But knowledge is not a vaccine. Reality proves that HIV/AIDS-related risk perception is still very low, mainly among teenagers, most of whom see it as “other people’s business” and are in no fear of their lives.


Those taking their first steps in sexual activity give priority to pleasure over health. Males in particular believe to be “safe” from contagion, since they say to have “a good eye” for healthy sex partners.


Males are more exposed, but females are more vulnerable: machismo standards make us

look down our nose at a woman who suggest using a condom during foreplay, mainly in the case of steady couples, lest she be taken as transgressive or “frivolous”, and therefore many prefer to cross their fingers and commend themselves to chance rather than finishing a relationship.




Of added significance, beyond the number of people who dare that experts across the country have estimated, were the answers given during this research, because they prove the existence of gaps, both informative and instructive, as to how to relate with other people.  


Random high school and technical students between 13 and 16 years of age in the city of Cienfuegos were asked whether they considered themselves to be in danger of getting HIV/AIDS:


Paula: “I don’t think so, I don’t even have a boyfriend, and I’m not ashamed to say I’m still a virgin”.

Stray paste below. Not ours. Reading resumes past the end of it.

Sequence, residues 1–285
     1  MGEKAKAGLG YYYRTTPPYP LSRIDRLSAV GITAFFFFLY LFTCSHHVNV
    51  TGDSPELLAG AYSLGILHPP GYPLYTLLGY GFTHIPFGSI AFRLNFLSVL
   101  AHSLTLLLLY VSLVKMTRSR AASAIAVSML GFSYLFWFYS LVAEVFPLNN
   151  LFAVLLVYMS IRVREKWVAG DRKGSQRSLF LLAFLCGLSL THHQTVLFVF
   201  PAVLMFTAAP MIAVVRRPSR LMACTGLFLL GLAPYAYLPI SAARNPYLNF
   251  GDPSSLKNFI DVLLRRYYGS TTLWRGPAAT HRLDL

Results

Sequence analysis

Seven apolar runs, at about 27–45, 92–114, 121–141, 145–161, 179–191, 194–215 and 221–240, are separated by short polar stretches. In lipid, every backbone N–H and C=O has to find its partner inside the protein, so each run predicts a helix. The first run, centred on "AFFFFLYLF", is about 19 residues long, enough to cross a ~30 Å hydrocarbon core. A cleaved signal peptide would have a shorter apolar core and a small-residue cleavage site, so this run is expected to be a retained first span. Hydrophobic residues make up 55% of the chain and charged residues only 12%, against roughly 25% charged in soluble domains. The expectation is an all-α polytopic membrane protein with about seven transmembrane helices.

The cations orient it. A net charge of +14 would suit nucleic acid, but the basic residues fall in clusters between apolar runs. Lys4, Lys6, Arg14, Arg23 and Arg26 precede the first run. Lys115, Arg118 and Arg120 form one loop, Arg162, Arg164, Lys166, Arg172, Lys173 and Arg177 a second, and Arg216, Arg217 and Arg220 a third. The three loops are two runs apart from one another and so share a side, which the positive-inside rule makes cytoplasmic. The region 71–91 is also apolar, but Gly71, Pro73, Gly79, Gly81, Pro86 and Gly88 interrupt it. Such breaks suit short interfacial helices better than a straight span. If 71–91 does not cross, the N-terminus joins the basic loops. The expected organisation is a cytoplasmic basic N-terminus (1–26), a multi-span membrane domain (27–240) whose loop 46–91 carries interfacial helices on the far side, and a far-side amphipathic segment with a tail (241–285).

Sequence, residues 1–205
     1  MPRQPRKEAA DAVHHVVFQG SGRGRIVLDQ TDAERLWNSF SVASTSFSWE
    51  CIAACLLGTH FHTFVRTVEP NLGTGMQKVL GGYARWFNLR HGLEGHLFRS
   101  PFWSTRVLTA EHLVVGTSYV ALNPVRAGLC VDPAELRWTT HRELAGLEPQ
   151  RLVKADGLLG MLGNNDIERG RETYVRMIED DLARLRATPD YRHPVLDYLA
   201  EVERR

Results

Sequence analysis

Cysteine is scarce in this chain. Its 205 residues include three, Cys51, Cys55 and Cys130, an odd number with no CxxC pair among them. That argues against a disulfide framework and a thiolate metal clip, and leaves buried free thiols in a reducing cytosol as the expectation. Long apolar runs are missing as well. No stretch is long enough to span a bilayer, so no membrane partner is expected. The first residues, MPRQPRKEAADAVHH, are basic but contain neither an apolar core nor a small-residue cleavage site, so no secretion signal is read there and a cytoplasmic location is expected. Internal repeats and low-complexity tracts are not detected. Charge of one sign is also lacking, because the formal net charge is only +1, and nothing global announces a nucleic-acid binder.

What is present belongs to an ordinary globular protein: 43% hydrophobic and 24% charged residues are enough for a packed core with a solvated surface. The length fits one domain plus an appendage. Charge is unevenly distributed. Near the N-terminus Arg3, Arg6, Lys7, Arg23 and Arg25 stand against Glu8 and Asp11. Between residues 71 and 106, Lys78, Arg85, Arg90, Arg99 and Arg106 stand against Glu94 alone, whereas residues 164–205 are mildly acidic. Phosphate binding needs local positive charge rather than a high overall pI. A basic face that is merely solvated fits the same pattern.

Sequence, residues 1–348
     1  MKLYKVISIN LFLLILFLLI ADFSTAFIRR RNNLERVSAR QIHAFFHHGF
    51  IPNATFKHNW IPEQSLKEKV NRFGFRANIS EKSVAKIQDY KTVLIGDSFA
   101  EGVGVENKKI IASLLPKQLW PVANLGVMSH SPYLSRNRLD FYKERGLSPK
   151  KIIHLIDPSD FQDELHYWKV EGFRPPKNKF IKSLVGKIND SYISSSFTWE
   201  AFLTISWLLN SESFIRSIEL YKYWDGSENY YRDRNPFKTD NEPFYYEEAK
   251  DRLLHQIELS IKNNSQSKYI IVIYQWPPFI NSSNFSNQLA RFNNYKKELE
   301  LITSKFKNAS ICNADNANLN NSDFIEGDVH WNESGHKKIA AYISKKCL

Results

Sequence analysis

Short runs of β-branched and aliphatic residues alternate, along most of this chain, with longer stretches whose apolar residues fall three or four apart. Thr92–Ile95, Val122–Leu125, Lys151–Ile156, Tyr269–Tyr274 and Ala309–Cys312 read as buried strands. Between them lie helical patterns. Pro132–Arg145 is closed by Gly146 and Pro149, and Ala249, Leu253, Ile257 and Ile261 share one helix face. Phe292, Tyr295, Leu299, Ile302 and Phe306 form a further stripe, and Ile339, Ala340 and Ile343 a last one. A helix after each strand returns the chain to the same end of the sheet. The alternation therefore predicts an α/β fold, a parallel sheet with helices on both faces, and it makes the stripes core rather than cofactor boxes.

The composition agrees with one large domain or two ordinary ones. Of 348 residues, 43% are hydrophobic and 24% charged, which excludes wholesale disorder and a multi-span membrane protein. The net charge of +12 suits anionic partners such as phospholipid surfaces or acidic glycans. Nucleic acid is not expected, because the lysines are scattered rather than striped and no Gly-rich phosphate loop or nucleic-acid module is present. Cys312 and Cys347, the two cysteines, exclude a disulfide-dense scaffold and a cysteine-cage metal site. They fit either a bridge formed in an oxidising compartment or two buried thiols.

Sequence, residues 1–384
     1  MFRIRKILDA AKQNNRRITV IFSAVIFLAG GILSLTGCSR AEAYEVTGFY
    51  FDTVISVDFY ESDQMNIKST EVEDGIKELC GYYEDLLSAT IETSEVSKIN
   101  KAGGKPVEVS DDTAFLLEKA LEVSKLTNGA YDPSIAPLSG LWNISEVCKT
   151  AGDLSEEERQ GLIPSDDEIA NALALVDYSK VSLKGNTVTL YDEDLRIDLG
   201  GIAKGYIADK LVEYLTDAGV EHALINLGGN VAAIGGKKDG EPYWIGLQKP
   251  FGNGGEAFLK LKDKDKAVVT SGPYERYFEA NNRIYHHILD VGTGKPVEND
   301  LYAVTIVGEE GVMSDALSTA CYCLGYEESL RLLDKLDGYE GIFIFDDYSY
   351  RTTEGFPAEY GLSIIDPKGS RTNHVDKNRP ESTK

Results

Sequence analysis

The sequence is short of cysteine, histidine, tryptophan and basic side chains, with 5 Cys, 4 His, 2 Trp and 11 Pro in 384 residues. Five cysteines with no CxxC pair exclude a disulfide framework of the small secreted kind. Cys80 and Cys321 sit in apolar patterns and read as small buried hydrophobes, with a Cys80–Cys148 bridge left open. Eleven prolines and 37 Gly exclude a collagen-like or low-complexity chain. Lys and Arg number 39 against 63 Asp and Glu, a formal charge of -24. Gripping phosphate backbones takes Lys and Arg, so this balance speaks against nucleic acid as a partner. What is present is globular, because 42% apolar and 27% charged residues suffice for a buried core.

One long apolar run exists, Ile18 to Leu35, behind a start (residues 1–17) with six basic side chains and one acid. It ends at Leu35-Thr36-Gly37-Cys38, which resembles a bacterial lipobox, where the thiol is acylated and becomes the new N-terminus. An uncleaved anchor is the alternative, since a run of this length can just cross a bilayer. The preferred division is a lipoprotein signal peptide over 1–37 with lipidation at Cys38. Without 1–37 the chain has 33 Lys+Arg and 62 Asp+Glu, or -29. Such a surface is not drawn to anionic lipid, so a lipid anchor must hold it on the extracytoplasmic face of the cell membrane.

Alina: “Not likely… I’ve only had sex with my boyfriend, who is 16, my elder by two years, but he’s had sex with no one else since we met three years ago”.


Juan Carlos: “There’s only been two women in my life; one was a señorita[1], as old people say, and the other is my current girlfriend, who wasn’t a virgin but has had only two other partners years ago”.


Pedro: “Look, journalist, I enjoy my youth, and I’ll go for a score with any girl who looks like a go. I take precautions, though. My dad taught me, for I’m not embarrassed to sharing these things with him. I always have a condom in my pocket, just in case anything comes up”.


The two girls and the first boy couldn’t or wouldn’t answer how someone can be said to be carrying the virus. The fourth one said: “I expect that person, if he/she knows it, would say so”.


As to what it means to have a steady, protected relationship, the girls said: “To stay with someone and be faithful”, and “not to change partners too often… and if you do, everytime you have sex with the new one make him wear a condom until you make sure he’s not infected”.


Juan Carlos remarks that “if you’re not steady, for the time being or fow a while, you have to be more careful, not only with vaginal but also with anal penetration, for as far as I know you can get AIDS either way, not to mention other diseases like gonorrhea, syphilis, herpes or hepatitis”.


Pedro thinks oral sex is even more dangerous “because there’s no way you can protect yourself… When your girl swallows your infected semen it goes to her blood and she gets it. And I guess the other way around is risky too, but I’m not so sure”.